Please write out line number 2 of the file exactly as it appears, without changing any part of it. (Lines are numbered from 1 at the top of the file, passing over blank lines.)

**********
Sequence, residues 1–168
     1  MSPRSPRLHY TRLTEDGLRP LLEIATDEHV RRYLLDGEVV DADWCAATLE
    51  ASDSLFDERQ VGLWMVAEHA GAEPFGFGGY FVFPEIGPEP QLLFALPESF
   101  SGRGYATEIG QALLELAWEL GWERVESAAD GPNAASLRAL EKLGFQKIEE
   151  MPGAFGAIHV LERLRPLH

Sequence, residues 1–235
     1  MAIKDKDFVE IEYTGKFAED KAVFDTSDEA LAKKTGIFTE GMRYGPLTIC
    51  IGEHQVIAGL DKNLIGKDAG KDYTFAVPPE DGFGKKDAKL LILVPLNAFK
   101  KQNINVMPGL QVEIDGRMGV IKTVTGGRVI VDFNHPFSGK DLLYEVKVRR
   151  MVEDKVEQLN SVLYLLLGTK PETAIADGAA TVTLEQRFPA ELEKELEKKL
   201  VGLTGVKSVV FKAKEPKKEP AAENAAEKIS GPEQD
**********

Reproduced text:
     1  MSPRSPRLHY TRLTEDGLRP LLEIATDEHV RRYLLDGEVV DADWCAATLE